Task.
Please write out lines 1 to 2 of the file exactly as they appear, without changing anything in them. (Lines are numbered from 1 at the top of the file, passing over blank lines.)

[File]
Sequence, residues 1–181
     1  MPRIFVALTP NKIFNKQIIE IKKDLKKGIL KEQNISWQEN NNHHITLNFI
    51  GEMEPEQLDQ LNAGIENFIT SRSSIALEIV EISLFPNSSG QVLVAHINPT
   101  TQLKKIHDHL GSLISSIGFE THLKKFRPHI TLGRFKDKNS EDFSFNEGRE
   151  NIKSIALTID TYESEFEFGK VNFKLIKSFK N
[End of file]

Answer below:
Sequence, residues 1–181
     1  MPRIFVALTP NKIFNKQIIE IKKDLKKGIL KEQNISWQEN NNHHITLNFI